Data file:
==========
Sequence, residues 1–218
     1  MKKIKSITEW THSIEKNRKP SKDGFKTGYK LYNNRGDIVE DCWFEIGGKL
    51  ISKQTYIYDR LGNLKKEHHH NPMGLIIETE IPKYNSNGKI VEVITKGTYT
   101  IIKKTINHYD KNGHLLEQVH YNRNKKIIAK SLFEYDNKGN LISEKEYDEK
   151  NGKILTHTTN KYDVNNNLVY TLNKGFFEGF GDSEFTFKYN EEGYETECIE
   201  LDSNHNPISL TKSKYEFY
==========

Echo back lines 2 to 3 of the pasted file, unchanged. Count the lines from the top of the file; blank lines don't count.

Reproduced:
     1  MKKIKSITEW THSIEKNRKP SKDGFKTGYK LYNNRGDIVE DCWFEIGGKL
    51  ISKQTYIYDR LGNLKKEHHH NPMGLIIETE IPKYNSNGKI VEVITKGTYT